Ben Cheng stops for a photo during her cycling journey along the ancient Silk Road in May. (Photo provided to chinadaily.com.cn)
When Ben Cheng, 63, finished a bicycle journey along the ancient Silk Road in June, she immediately began planning her next trip — a ride along the route of the Long March.
A teacher from Changchun, Jilin province, Ben has cycled more than 100,000 kilometers over the last eight years.
"I have kept up various sports, such as swimming and mountain climbing, for many years," she said. "After retirement, I had more time to expand my interests, and I found cycling to be a good choice."
She began riding in the Changchun suburbs in 2013, after her retirement from Jilin Police College. In May 2015, she started her first long-distance journey — a trip around Bohai Bay. It took her 24 days to complete the 2,655-kilometer route, and the success encouraged her to do more.
On the ancient Silk Road in June. [Photo provided to chinadaily.com.cn]
In recent years, she has finished several long-distance journeys across China, including a ride around Qinghai Lake in Qinghai province and other trips in Hainan province and Taiwan.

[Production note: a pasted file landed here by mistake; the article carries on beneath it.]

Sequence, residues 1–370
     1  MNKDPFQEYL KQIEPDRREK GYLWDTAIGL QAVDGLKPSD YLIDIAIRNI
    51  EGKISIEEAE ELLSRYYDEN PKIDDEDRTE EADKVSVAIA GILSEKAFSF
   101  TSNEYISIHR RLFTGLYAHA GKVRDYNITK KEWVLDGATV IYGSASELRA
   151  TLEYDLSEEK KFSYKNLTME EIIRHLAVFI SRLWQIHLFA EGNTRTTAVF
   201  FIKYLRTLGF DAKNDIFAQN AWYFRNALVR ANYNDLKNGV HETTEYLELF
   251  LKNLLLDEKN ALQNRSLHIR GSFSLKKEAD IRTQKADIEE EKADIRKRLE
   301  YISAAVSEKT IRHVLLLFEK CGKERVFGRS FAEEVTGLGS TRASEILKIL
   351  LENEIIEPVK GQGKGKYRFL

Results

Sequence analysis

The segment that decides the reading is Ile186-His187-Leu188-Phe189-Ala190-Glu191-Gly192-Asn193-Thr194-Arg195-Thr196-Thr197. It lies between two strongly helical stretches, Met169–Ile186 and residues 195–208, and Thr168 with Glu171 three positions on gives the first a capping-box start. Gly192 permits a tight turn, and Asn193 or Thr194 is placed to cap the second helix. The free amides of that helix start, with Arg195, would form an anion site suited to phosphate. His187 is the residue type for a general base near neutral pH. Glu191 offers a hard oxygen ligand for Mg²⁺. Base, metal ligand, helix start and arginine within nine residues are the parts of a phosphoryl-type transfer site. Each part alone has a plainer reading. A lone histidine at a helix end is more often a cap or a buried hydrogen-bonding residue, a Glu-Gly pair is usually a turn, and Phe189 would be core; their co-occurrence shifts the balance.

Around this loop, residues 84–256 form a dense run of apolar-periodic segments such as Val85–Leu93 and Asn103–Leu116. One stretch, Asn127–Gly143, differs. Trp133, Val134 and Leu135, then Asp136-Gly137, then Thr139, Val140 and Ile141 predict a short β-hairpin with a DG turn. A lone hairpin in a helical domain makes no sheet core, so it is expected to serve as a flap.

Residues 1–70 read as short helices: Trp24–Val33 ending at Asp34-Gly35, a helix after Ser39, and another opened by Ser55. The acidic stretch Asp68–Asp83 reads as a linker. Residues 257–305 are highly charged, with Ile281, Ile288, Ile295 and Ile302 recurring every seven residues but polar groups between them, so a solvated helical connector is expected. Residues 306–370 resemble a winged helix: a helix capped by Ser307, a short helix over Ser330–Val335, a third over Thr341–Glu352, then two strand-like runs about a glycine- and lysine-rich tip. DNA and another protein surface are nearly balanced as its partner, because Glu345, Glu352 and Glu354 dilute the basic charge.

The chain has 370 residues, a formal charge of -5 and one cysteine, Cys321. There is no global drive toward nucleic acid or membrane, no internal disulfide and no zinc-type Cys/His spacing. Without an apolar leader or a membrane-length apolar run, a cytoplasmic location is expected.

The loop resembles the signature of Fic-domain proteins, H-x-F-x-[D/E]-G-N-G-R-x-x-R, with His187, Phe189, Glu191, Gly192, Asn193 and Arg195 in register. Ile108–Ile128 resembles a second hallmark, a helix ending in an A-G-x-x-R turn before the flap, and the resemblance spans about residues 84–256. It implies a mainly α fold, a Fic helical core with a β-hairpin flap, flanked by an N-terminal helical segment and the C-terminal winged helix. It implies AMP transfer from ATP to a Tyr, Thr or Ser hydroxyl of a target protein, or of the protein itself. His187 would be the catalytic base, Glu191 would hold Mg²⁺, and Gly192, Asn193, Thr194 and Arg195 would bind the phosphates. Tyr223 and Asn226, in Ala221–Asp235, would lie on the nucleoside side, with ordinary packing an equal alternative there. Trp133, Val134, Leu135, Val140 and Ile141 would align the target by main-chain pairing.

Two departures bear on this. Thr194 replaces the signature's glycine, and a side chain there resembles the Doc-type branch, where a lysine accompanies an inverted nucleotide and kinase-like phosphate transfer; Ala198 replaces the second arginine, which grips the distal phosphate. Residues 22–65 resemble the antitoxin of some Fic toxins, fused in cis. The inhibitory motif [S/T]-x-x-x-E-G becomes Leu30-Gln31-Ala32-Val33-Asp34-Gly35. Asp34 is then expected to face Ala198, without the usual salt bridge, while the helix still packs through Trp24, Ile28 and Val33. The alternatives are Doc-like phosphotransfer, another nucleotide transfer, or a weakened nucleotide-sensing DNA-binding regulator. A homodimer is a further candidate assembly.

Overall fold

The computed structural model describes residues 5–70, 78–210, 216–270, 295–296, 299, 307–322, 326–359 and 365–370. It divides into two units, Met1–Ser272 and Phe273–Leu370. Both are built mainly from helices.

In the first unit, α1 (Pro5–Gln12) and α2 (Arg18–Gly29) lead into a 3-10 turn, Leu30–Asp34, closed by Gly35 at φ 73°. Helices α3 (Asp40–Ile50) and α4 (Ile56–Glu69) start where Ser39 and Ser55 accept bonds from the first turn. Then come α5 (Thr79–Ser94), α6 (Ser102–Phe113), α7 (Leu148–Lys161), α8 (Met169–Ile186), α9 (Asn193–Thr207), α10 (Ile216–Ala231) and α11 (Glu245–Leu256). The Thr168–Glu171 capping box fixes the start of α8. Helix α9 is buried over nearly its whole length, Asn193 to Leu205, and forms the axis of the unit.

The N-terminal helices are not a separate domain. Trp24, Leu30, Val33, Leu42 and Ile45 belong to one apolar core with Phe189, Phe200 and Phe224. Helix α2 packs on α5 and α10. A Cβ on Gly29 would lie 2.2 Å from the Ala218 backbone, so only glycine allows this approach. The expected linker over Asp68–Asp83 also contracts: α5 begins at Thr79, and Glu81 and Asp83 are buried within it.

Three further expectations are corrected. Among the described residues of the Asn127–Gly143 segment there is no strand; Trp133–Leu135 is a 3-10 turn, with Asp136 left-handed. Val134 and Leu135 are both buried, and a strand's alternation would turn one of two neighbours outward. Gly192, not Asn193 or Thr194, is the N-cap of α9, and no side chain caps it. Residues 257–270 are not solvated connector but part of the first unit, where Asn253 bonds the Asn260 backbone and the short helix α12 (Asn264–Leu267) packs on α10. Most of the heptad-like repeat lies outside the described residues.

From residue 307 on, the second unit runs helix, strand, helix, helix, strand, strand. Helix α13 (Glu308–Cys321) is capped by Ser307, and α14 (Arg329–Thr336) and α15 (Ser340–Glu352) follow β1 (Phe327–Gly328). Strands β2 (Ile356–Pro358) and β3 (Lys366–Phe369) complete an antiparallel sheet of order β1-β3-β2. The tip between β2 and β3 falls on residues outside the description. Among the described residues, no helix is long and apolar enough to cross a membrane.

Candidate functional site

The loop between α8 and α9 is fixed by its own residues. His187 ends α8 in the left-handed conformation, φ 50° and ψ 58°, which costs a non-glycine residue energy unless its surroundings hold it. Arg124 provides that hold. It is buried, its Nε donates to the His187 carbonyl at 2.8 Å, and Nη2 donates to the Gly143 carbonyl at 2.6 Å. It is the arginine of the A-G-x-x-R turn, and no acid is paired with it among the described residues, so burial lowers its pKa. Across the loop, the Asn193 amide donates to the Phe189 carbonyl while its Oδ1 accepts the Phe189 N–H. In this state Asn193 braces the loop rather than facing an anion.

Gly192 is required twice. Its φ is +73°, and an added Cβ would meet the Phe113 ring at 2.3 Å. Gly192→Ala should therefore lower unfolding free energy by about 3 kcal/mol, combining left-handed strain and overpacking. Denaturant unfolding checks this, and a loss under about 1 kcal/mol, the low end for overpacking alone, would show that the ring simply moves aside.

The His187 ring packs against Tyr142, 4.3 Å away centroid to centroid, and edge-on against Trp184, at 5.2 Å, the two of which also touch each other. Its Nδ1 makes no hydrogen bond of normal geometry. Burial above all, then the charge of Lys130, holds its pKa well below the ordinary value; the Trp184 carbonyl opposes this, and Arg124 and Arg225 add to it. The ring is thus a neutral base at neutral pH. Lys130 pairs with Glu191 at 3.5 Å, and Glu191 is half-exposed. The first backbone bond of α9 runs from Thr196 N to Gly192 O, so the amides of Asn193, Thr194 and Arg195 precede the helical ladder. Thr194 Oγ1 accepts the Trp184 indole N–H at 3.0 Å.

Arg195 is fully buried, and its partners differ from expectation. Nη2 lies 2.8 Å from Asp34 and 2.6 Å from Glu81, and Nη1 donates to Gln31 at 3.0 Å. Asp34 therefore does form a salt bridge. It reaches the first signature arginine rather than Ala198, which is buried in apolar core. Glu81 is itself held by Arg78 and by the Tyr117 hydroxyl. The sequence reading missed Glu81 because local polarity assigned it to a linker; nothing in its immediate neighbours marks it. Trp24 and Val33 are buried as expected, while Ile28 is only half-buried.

Together with several other cycling enthusiasts, Ben started the ancient Silk Road journey from Xi'an, Shaanxi province, on May 21. She crossed the cities of Lanzhou, Wuwei, Jiuquan, Dunhuang and Jiayuguan in Gansu province and finally arrived in Urumqi, Xinjiang Uygur autonomous region, on June 18.
"During the 3,000-km journey, I enjoyed the beautiful scenery and unique landscapes," she said. "However, I also encountered difficulties, such as storms and terrible road conditions."
"Fortunately, I persisted and finally reached my destination," she said. "I hope more people will take up cycling as their daily exercise. A bike is a low-carbon vehicle that can help promote a more friendly environment."